Sunday 29 May 2011

With Summer holidays approaching, it is nice to find out about towns or areas in France:

 A group of students in a Tuesday evening French class did just that!
Here is what Pat wrote about St Malo where she spent a couple of days on her way to the Loire Valley:

St Malo

St Malo est une ville très ancienne, un centre maritime du peuple gaulois des Ambibarii. En 423 l'armée romaine l'utilise pour de nombreuses attaques venues du Nord.
C'est ensuite que Saint Maclow, venant de l'actuel Pays de Galles, s'installe sur le rocher qui prendra le nom de rocher de Saint Malo en 541.
Saint Malo est un port de mer situé sur la Manche, à l'embouchure de l'estuaire de la  Rance.Il y a des remparts qui entourent la ville, construits et reconstruits au XII  et au XIX siècles. Les remparts étaient très impressionnants et beaucoup de rues étaient protégées. Dans les rues il y a un grand choix de cafés, de restaurants et aussi de magasins.
Aussi c'est possible de rencontrer les musiciens qui jouent dans la rue.

if you would like to study areas of France, whatever your level of French, join one of our French courses: for more info...

Sunday 22 May 2011

Did you know about the French intensive course running in June and July with Alliance Française de Bristol?

The French intensive course that we offer every year is becoming more and more popular. Whether you need French tuition in basic French or French classes in intermediate or advanced French, we have something for you:
-    If your French feels rather rusty, we will help you cope with practical situations aimed at your requirements such as going to the shop, the restaurant, solving problems, etc….  “A really good start if you have very little French.
-    If your French is of a good standard, we may discover a French region with you, find out more about an area you would like to go to, discuss how to buy a property etc… or go over this grammar point that you always struggle with. “A real boost to help you regain confidence in speaking.
For instance , last year one of our French tutors had a group with several members going camping in France in the following weeks and they wanted to be able to communicate about small ailments such as:
A stomach upset: une crise de foie
A headache: mal à la tête.
A toothache: mal aux dents
A sun stroke: une insolation
A mosquito bite: une piqûre de  moustique
A wasp sting: une piqûre de guêpe
If you wish to find out about our French intensive course, please go to our website: more info...

Sunday 15 May 2011

Did you know that pets de nonne are little sugar doughnuts?

Le pet de nonne or le beignet goes back to the Renaissance period. Different stories are told about the origin of the name but, in any case une nonne is a nun and pets de nonne were first of all cooked by nuns in Franche Comté ( east of France) for instance.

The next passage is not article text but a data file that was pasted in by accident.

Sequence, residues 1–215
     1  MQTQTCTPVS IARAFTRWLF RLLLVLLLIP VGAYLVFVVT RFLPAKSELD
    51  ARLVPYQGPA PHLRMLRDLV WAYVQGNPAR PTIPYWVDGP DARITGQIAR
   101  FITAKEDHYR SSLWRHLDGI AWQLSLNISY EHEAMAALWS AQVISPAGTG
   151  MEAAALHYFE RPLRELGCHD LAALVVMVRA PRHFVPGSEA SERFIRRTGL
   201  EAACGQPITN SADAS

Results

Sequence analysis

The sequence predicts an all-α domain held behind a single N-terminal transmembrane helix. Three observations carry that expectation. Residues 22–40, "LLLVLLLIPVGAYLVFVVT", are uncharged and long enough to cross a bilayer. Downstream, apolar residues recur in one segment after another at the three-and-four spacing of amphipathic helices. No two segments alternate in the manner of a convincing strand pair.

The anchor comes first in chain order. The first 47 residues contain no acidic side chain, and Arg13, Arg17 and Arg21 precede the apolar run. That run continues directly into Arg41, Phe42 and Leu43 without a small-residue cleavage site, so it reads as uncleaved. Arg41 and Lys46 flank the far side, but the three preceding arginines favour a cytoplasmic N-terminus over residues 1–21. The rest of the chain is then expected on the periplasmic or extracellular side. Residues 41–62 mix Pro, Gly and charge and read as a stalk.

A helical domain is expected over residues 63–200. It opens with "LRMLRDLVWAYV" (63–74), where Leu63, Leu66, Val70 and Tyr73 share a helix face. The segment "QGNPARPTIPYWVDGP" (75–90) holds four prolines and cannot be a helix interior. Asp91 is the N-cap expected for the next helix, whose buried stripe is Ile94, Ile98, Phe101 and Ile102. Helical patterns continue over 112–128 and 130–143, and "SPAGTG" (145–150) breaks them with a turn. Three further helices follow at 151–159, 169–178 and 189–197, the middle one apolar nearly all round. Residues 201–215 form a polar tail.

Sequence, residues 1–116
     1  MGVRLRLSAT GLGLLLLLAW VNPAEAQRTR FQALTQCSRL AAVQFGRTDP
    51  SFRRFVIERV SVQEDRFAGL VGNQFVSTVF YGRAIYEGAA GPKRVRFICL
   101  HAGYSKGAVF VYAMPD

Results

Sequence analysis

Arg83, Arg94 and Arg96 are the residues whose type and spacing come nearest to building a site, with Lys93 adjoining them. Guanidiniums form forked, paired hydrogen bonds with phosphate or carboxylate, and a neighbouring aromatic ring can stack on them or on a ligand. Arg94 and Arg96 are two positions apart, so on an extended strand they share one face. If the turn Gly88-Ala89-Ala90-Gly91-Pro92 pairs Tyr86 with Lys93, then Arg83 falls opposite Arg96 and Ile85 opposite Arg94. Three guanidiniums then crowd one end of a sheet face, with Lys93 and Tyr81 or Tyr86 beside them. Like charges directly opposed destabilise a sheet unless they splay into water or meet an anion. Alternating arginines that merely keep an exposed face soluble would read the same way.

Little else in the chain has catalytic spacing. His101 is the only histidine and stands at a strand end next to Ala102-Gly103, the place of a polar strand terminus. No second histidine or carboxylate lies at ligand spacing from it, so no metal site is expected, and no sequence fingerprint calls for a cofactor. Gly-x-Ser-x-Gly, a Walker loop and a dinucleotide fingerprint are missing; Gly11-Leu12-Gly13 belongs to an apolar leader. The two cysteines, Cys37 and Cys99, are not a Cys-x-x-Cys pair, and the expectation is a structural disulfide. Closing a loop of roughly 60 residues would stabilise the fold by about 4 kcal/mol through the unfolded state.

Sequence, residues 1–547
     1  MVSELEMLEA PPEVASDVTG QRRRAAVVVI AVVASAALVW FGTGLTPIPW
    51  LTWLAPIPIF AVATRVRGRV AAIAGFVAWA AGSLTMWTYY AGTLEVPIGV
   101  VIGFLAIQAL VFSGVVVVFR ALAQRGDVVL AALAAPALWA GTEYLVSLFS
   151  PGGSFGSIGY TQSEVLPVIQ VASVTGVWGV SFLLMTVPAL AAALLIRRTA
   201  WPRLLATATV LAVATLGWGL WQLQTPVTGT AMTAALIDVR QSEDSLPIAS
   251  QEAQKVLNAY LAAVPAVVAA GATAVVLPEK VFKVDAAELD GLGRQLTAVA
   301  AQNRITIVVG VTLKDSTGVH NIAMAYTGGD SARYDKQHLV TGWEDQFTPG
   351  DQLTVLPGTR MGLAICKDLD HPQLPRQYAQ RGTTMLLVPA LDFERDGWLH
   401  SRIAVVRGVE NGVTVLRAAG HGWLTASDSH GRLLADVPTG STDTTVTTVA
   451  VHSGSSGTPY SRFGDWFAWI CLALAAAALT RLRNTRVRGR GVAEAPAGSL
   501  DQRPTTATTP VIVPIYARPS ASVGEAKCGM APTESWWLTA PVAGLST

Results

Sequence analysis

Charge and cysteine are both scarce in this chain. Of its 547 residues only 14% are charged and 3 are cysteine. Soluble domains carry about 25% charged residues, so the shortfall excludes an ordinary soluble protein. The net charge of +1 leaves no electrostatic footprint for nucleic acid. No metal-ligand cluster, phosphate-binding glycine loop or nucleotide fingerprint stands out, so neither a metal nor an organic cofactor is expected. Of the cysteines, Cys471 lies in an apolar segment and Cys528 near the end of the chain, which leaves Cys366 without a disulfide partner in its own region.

Iza, our French chef and French tutor is preparing some pets de nonne in her French cookery class next week and here is the recipe:

Pets de nonne

•    250 ml of full fat milk
•    60 g of unsalted clarified butter
•    150g of plain flour
•    50 g of caster sugar+ some more sugar to coat the pets de nonne
•    Optional: 2 tbs of essence of orange blossom flower
•    Frying oil
•    50 gr of dble cream
In a heavy bottom saucepan, combine the milk and the sugar and the diced butter. Heat it until the butter has melted.
Off the heat, add the flour in one go. At first whisk the mixture, then with a spatula mix vigorously until you have obtained a paste that clumps into a ball.
Transfer the paste to a mixing bowl and add one egg at a time. When adding the essence of orange blossom flower, mix it between the first and the second egg. The paste must be smooth before adding the next egg.
Preheat the oil to 170C.
With a spoon, form  walnut size balls that you will drop into the preheated oil. Deep fry a few balls at a time for 7 to 10 minutes depending on their size.
Remove with a slotted spoon and drain on some kitchen paper.
Finally, coat each ball with caster sugar or icing sugar. Pets de nonne are at their best when served immediately.


If you would like to learn French and learn to cook French recipes at the same time, watch out for our next French cookery workshops: more info...

Sunday 8 May 2011

Notre nouveau podcast est en ligne!

Ce mois-ci, Audrey est allée enregistrer notre podcast au magasin Les Fleurs dans le centre de Bristol. La propriétaire Vanina nous parle de ses clients et de ses fleurs puisque le printemps est là! Elle nous raconte aussi quelques anecdotes inattendues! Alors n'hésitez pas à écouter notre podcast pour en savoir plus.
Cliquez ici: Podcast Les Fleurs

Sunday 1 May 2011

Did you know that the French offer each other lily of the valley on the 1st May?

A sprig of lily of the valley ( un brin de muguet) or a bunch ( un bouquet) if you're wealthy (!) is offered to loved ones on the 1st of May ( le premier mai). The tradition goes back to the Renaissance when, in 1561, it is believed,  the king, Charles IX offered some to wish luck ( porter bonheur) to ladies at his court.
Le muguet celebrates Spring ( le printemps) and brings with it ( we hope) lovely sunny days!
It is cultivated intensively around Nantes to be ready for the 1st of May. All the florists all over France sell some and you can also buy some on the streets. It tends to be very expensive, a sprig ( un brin) costs at least 1 euro.
If you are a student in one of our French classes, if you have du muguet in your garden, do bring un brin to your French tutor. She will be delighted!


If you would like to learn our French language or find out about our French culture and customs, why not join one of our courses: For more info...